This week, the Biden Administration announced its intention to use emergency waiver authority to allow for the summer-time sale of the fuel E15, a mixture of gasoline and up to 15% ethanol. The sale of E15 during the summer months is currently prohibited due to environmental regulations. The goal of this action is to provide a lower price fuel option for consumers and encourage more retail facilities to offer the fuel. Following this announcement, the Fuels Institute took a look at the E15 market to better understand what impact this decision might have on fuel supply and prices and to provide some additional insights on the transportation energy market.
Why can we not sell E15 in the summer?
The answer to this goes back 22 years to the Clean Air Act Amendments of 1990. During the development of that legislation, Congress recognized the potential value of ethanol as a renewable fuel product that could displace some hydrocarbon fuels, reduce emissions, boost octane and potentially reduce costs. However, ethanol’s chemical properties increase the evaporative potential of gasoline when blended at lower concentrations. (The evaporative potential is measured in terms of Reid vapor pressure, or RVP, and reported as pressure in pounds per square inch, or PSI.)
We care about the RVP of gasoline because warmer temperatures increase evaporative emissions and contribute to more air pollution. Therefore, the Environmental Protection Agency requires gasoline during the summer months to be manufactured with a lower RVP to reduce emissions and benefit air quality. When Congress considered the future market for ethanol back in 1990, ethanol was typically blended at a volume of 10%. This concentration results in an increase of RVP equal to approximately one pound. Congress therefore included a provision in the Clean Air Act authorizing gasoline blended with 9% - 10% ethanol to exceed the regulatory RVP limit by 1 PSI. (There are exclusions to this, but in general this provision applies to two-thirds of the nation.)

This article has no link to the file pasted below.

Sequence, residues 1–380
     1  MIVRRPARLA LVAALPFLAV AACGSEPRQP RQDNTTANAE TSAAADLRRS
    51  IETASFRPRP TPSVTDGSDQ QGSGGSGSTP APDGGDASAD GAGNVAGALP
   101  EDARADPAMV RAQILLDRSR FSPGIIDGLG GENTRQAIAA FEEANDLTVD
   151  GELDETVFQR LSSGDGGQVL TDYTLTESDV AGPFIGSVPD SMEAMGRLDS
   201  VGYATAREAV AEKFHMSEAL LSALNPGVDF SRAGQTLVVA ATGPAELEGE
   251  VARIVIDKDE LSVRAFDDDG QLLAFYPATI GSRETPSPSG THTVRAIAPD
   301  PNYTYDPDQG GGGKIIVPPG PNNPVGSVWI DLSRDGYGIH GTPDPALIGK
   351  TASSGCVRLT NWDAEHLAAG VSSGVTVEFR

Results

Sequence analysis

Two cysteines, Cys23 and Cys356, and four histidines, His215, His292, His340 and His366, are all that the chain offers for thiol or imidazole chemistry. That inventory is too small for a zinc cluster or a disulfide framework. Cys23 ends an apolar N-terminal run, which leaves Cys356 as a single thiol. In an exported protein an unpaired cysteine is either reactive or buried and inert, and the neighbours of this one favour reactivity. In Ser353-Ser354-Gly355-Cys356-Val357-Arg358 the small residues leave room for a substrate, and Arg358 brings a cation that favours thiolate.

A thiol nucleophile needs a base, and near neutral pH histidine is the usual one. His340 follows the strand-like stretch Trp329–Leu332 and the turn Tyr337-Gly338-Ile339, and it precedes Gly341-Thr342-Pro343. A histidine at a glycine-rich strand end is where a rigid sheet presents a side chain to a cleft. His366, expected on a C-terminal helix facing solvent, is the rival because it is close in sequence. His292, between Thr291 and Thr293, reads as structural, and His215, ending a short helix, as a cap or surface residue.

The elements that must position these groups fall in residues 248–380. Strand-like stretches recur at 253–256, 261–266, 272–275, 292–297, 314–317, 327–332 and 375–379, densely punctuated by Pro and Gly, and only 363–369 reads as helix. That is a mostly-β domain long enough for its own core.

Fast-forward to 2011 and the ethanol industry was successful in getting a partial authorization to blend gasoline with up to 15% ethanol. However, the Clean Air Act does not recognize E15 for purposes of the RVP waiver because it did not exist in 1990. Therefore, E15 is effectively prohibited from being sold during the summer months unless the gasoline into which it is blended is produced with a lower RVP to accommodate the RVP increase. This lower RVP gasoline is not required for the nearly ubiquitous E10, and with currently low volume demand for E15, refiners have had no incentive to produce a gasoline to meet this requirement.
Should we be able to sell E15 in the summer?
This is a very different question. The regulations developed at the direction of Congress in the Clean Air Act are clear – but they are also outdated and inconsistent with science. E15 in fact increases the RVP of gasoline less than E10 – as the volume of ethanol increases, its impact on evaporation goes down. But the law only provides the RVP waiver to E10 – again, this is because in 1990 no one anticipated the existence of E15.
Enter the Trump Administration. On May 31, 2019, the EPA signed a rule authorizing the sale of E15 year-round, seeking to eliminate this outdated restriction. However, on July 2, 2021, the U.S. Court of Appeals reversed this action stating that Congress explicitly restricted the waiver to fuels containing 9% - 10% ethanol and that EPA did not have the authority to change this provision. The key takeaway from this ruling is that Congress must take action to revise the Clean Air Act. Doing this is a significant challenge since it opens the door to other efforts to change the Act from those who think it is not aggressive enough as well as those who think it is overly burdensome. Given the current political divide, the prospects for Congressional action appear to be relatively dim.
Consequently, since the ruling, staff at EPA and ethanol industry advocates have been seeking a path forward to enable year-round sales of E15. The announcement this week seems to be the option determined to be the most viable.
Can E15 lower pump prices?
The short answer is yes. When the Chicago Board of Trade closed on April 13, 2022, ethanol was trading for $2.137 per gallon. At the same time, gasoline (reported as RBOB) was trading for $3.29. At these prices, the wholesale price of E15 would be 5.7 cents per gallon lower than E10. Here is how the economics play out in terms of the wholesale price of fuel: